Turmoil in the stock markets is expected to hit any time as the debt crisis enveloping the United States looks set to hit shares across the world. Investors will be waiting nervously to hear whether the Obama administration and Congress finally agrees the US budget before next Tuesday's deadline. The current uncertainty demonstrates that investing in shares is neither easy nor for the faint-hearted. While it's possible to make handsome profits, you can easily lose your life savings if there's an unexpected sharp slump.
Even specialist fund managers who have followed global stock markets for many years find it a challenge, so for the relative novice it can be a nightmare. What should they invest in? How do they know if a company is any good? Whose advice can they trust?
We have quizzed a string of fund managers, economists, stockbrokers, independent financial advisers and stock market commentators to draw up an eight-point guide to the techniques and secrets known by the most successful professional investors.
1. Know your goals
Don't just pick stocks at random. Be clear what you're trying to achieve and decide on your attitude to risk because no investment is completely safe. The broadest definition of risk is the impact that losing your entire investment would have on your life, so make your decisions accordingly.
You may be willing to speculate in the hope of tripling your initial investment over the next few months through buying into relatively unknown companies that can soar in value. Alternatively, you may prefer to only invest in global giants that can be relied upon to deliver steady returns.
2. Develop an investment style
The very best fund managers each take a distinct approach which they stick with regardless of what's happening – and that is the key to delivering decent longer-term returns, according to David Kuo, director of website Motley Fool.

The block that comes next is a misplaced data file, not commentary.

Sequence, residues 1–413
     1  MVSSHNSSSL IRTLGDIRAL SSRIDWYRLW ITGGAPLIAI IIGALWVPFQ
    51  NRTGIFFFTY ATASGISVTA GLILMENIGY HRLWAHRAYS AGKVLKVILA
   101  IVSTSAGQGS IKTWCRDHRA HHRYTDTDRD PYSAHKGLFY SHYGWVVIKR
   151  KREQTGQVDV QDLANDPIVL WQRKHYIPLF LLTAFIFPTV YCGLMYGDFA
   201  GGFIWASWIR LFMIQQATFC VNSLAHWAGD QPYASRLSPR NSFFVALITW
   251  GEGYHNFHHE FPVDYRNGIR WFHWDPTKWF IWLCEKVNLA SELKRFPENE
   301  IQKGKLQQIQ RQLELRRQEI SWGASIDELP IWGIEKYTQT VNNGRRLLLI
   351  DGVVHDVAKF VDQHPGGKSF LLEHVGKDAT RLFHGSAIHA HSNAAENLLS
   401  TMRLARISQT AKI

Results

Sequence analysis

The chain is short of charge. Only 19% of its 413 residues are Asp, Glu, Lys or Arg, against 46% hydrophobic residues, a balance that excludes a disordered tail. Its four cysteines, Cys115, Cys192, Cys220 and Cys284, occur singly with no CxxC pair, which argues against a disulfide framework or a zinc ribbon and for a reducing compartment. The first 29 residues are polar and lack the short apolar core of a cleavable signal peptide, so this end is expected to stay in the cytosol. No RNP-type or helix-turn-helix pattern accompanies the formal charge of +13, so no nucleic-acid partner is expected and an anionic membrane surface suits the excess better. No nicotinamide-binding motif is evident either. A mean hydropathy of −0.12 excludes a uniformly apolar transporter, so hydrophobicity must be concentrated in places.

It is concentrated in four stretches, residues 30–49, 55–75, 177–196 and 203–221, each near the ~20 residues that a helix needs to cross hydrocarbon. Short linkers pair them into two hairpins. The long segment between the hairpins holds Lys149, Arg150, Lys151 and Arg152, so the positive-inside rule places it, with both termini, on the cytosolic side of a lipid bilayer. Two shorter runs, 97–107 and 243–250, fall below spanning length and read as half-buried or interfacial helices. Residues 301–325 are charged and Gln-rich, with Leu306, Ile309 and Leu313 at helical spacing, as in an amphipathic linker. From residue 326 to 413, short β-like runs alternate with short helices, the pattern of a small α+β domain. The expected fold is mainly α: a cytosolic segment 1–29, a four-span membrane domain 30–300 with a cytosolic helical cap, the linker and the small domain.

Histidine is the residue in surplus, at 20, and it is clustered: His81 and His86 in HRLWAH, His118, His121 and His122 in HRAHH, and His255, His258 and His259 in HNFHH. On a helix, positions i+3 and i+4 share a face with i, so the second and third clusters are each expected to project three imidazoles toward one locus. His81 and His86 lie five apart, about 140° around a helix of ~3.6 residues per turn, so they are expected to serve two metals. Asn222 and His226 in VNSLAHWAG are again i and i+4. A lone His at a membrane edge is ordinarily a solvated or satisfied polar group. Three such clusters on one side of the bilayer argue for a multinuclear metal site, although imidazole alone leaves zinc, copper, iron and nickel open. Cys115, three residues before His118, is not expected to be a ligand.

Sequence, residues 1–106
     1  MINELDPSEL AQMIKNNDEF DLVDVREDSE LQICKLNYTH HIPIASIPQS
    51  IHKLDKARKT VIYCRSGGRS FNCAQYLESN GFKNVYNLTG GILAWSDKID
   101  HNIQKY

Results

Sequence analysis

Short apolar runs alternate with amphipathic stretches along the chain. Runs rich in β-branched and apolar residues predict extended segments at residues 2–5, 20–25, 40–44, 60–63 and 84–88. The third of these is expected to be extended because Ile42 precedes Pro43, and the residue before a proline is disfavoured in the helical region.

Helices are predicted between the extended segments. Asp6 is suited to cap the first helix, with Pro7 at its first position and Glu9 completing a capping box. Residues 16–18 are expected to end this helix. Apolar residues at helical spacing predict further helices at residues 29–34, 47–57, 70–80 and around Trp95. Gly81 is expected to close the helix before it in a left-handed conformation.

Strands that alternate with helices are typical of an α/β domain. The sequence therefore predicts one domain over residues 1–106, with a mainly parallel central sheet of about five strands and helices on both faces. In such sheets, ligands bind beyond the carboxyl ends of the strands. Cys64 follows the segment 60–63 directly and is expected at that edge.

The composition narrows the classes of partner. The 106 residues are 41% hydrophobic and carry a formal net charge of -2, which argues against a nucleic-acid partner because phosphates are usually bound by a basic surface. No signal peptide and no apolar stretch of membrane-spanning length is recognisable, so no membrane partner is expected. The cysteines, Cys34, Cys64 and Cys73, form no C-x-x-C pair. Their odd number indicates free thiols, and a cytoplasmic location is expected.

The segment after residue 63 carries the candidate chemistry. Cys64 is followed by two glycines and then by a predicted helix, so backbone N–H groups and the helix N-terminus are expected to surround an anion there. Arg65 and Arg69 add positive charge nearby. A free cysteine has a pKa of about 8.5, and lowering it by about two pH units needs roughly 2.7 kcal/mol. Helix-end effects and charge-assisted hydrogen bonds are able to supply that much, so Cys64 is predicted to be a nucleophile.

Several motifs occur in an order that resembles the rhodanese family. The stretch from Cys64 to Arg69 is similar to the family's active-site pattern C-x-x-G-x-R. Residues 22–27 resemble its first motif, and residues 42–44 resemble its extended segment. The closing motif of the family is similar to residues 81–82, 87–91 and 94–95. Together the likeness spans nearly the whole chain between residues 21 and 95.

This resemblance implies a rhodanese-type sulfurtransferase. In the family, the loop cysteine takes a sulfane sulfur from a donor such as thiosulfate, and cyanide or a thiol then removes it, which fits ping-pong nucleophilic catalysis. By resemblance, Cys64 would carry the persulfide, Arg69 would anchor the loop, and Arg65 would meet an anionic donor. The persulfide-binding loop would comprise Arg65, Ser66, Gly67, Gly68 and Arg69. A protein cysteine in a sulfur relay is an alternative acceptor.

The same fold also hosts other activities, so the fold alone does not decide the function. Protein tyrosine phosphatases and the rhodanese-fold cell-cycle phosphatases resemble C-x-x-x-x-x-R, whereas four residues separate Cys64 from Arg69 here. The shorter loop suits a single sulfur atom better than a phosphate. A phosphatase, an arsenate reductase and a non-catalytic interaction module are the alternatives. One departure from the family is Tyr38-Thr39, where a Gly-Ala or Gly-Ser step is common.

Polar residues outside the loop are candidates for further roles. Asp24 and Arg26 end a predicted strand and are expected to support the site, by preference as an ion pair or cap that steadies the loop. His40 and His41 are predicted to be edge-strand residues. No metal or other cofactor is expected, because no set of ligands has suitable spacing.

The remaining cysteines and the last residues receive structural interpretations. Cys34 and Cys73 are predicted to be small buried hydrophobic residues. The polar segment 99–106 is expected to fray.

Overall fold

"If you're not prepared to spend time developing a particular style and understanding how it works then your best course of action is following the market by investing in an index tracker," he insists.
There are a number of styles to follow but three of the most common are dividend investing, value investing and growth investing – and they will appeal to different personalities.
Dividend investors, for example, are slightly more cautious as they are only interested in receiving a regular income from their investments. Value investors, on the other hand, look for companies that have fallen in value but which they believe have the capacity to recover strongly. Growth investors, meanwhile, try to find companies with the capability of growing faster than the market expects.
"Jumping from one investment style to another might be quite fun in the early days when you're trying to find your feet," adds Mr Kuo. "If you are planning to do that then one of the better ways is to use a fantasy portfolio where you can test your style without committing real money."
3. Remove the emotion
You need to look at your investments coldly and not allow emotions to cloud your judgment, according to Peter Day, a partner in Killik & Co. A golden rule in this respect is running your winners and cutting your losers. "When things are going well for a company they tend to continue for various reasons, such as being able to attract good staff because people want to be associated with them," he says. "Similarly, when it starts to go wrong for a company it also continues and you're usually better off getting out early rather than waiting and hoping it may eventually recover."
4. Embrace diversification
It is vital to be diversified because when things turn sour for a company they normally do so in a big way – and there are plenty of examples. You only have to consider the experience of oil giant BP, which was badly damaged by last year's Gulf of Mexico disaster, points out Mr Day.
"If you only hold four or five shares and one of them goes wrong it can make a very big dent in the value of your overall portfolio," he says. "That's why we always encourage clients to hold at least 15 stocks."
Diversification is important on a stock and sector level, according to Alec Letchfield, manager of the HSBC UK Focus fund. "You should try to create a portfolio of companies with differing characteristics so you won't be as vulnerable if you're wrong about an issue. There needs to be a blend of assets with a variety of drivers."
For example, it would be dangerous to pack your portfolio with stocks that all relied on consumers spending money – such as food retailers and hotels – as you're likely to suffer badly should the economy and stock market take a turn for the worse.